There are a few things that you will need to make the most of your adventures in the Emerald Isle and a few other things to consider packing if you want to go all out on your expedition. Some of these things are quite obvious and even the most novice of a backpacker and explorer will be aware of their necessity. Nevertheless, it doesn’t hurt to be reminded of them and having a list that you can check off can go a long way when planning the itinerary and logistics of a trip.
- Maps.me. On your smartphone, considering that you have one, it is absolutely vital that you download this app to help navigate. What makes this app so great is it works offline. Thus if you download the app and then download the data for Ireland, you’re golden. Alas, if you don’t purchase a SIM card, you can still use this app to help find routes either by foot, bicycle, car or subway.
- Hiking Shoes or Boots. Whether you choose a pair that fits above the ankle or below, it is vital you bring a good pair of durable footwear that are comfortable because you will be wearing them pretty much everyday. Backpacking and exploring, requires quite a bit of walking so it is important that what ever is on your feet, not only feels good but is able to take a beating as well.
- A 65 to 70 liter Backpack. There are numerous packs to choose from at your local REI or other outdoor store. Personally, I am a huge fan of Osprey and have been hauling my 65 liter pack up mountains in the Pacific Northwest, through Asia and Europe for nearly a decade now. It has without a question, proven its durability and resistance to wear and tear.
- A Hardshell Jacket and Backpack Rain Cover: Whichever month you choose to come to Ireland in, it goes without saying, that you are going to get wet. In the broader scheme of things, no matter where you are on the island, you are never really that far from the ocean and the Atlantic is bound to hurl its ferocity on you at some point or another. I remember being in Dublin one day during February in which the morning was pleasantly warm and sunny before the afternoon first brought some rain, then sleet and finally hail and snow. It was the most radical change in climate and temperature that I had personally ever seen. Thus, it is advisable that you rarely venture outdoors, even if you are just walking to a local café or pub, without being adequately prepared.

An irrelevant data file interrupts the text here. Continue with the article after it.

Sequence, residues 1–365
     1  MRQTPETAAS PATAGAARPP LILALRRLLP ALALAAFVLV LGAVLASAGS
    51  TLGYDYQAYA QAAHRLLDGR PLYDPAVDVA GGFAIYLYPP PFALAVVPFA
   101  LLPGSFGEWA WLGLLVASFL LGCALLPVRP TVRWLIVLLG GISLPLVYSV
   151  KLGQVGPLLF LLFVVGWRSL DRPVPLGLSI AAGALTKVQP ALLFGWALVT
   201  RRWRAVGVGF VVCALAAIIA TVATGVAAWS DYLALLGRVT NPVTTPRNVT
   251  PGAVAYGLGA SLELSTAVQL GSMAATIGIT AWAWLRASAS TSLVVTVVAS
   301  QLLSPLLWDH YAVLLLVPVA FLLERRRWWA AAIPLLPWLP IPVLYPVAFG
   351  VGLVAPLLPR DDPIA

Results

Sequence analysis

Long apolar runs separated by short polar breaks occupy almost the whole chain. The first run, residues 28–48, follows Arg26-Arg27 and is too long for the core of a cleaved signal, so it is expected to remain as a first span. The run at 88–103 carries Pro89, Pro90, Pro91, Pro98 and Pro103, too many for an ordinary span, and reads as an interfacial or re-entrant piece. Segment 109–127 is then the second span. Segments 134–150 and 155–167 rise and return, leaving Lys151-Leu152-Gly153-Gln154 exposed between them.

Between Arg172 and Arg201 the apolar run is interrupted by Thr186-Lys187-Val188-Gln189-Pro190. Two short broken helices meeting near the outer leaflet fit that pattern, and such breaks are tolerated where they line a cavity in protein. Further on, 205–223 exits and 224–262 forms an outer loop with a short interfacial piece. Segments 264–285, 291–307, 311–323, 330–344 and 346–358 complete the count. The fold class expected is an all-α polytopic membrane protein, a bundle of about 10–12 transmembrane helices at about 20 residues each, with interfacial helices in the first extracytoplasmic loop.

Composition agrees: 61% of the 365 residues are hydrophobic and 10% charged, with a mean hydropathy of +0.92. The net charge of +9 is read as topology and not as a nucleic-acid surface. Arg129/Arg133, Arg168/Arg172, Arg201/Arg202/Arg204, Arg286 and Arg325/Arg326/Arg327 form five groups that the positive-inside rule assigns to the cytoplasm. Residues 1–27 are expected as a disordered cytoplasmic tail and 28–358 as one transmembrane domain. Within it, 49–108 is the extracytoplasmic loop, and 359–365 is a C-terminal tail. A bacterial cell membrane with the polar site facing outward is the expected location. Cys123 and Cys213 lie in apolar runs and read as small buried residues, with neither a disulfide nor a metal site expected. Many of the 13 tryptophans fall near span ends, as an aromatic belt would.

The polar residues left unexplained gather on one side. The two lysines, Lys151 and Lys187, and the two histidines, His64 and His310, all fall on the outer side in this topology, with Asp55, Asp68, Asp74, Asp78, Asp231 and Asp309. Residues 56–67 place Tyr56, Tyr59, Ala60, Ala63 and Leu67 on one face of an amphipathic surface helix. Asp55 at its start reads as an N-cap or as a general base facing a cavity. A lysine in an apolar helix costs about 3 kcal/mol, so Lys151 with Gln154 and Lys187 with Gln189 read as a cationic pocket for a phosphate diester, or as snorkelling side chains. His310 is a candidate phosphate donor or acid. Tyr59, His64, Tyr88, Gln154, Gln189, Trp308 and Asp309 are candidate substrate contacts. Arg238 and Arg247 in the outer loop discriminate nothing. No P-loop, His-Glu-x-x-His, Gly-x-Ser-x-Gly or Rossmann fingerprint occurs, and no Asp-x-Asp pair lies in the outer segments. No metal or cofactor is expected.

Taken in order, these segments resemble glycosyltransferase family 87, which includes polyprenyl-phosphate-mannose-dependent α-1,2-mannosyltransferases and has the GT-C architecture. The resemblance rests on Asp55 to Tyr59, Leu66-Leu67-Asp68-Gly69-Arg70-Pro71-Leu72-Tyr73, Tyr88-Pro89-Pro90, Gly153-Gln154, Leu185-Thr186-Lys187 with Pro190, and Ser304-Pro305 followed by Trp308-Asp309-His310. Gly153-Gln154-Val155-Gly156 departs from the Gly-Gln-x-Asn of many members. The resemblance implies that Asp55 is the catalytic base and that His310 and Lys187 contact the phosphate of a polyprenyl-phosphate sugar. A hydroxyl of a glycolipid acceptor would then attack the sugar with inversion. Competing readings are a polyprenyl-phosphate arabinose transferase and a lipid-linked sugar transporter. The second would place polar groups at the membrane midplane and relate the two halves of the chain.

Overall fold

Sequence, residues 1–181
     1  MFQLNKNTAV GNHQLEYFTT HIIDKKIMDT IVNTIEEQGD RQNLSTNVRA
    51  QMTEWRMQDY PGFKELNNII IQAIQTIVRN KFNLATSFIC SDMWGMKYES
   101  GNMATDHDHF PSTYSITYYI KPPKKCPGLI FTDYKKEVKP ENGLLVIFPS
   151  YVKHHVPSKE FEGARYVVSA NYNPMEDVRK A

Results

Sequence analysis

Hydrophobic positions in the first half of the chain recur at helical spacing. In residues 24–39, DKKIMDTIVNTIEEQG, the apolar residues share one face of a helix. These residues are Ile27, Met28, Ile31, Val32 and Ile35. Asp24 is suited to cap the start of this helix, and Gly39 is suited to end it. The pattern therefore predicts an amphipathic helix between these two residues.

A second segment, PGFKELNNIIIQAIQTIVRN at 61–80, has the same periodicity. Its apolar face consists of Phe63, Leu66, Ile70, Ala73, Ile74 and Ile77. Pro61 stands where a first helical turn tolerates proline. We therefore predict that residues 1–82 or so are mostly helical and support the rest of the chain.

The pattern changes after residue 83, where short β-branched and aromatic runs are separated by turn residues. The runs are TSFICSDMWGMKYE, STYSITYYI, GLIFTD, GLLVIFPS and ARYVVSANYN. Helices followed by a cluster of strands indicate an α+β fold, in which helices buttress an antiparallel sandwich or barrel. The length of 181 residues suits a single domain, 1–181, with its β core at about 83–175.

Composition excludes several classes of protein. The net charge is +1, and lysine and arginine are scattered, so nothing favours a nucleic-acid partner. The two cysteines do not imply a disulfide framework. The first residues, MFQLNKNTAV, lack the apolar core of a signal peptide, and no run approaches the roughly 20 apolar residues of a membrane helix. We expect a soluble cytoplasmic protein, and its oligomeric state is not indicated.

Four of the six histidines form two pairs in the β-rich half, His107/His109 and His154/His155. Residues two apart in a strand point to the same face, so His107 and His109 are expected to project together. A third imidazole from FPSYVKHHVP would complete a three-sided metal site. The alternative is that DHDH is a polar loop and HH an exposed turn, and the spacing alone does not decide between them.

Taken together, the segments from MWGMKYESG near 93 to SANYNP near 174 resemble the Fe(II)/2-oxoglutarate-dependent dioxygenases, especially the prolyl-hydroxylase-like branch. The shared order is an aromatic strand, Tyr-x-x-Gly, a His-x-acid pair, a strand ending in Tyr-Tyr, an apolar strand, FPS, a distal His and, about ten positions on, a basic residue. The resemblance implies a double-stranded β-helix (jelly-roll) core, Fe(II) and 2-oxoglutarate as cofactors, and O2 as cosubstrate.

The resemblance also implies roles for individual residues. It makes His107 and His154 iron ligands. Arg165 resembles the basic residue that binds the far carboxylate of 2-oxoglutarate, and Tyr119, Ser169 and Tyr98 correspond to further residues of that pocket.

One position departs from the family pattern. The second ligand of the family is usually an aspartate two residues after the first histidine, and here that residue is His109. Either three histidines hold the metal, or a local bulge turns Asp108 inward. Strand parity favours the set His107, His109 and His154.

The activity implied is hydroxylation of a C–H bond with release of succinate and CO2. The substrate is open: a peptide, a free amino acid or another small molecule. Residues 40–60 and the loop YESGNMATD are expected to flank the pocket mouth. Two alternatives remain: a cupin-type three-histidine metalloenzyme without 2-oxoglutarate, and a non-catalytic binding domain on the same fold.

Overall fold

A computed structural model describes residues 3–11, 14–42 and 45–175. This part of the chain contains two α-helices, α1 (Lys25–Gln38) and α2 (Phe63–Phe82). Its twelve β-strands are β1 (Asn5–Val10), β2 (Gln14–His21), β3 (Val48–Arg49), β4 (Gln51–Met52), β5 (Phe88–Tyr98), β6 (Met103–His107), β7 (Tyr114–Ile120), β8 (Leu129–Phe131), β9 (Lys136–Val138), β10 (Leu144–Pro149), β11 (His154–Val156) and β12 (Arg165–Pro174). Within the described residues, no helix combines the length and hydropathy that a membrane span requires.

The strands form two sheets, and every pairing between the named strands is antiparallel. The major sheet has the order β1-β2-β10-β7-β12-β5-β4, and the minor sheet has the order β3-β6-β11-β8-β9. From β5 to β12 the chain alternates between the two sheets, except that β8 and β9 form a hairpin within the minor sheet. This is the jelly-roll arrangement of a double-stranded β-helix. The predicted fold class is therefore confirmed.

- A One to Two Person Tent: Wildcamping is a must in Ireland for those want to experience the stunning natural landscape in it’s purest form. You want to look for a freestanding, double-walled, 2-berth, 3-season tent weighting around 1.5-2.5kg. Something that would ideally fit at the bottom of your pack or on the rear rack of a bicycle. The MSR Hubba Hubba NX is a great option, as well as the Black Diamond Fitzroy Vestibule Tent. If planning on adventuring during the winter months and specifically into Connemara or the MacgillyCuddy mountains, you probably want to look for a durable four season tent, in which Black Diamond and MSR will have a good selection. The MSR Advance Pro is a quality alpine tent as well as the Black Diamond Eldorado, which might be a tad overkill but you will not be uncomfortable!
- Sleeping Bag and Pad: Roughing it in Ireland is like roughing it in pretty much any place, you need to have the proper gear that is comfortable and allows you to get a good nights sleep. The Therm-a Rest Neoair Uberlite is a good lightweight pad to consider and REI and Marmot have probably the greatest selection of sleeping bags on the market. In the summer months, it is defiantly possible to sleep under the stars but the potential for a drastic change in weather is always something to be on the lookout for in the North Atlantic.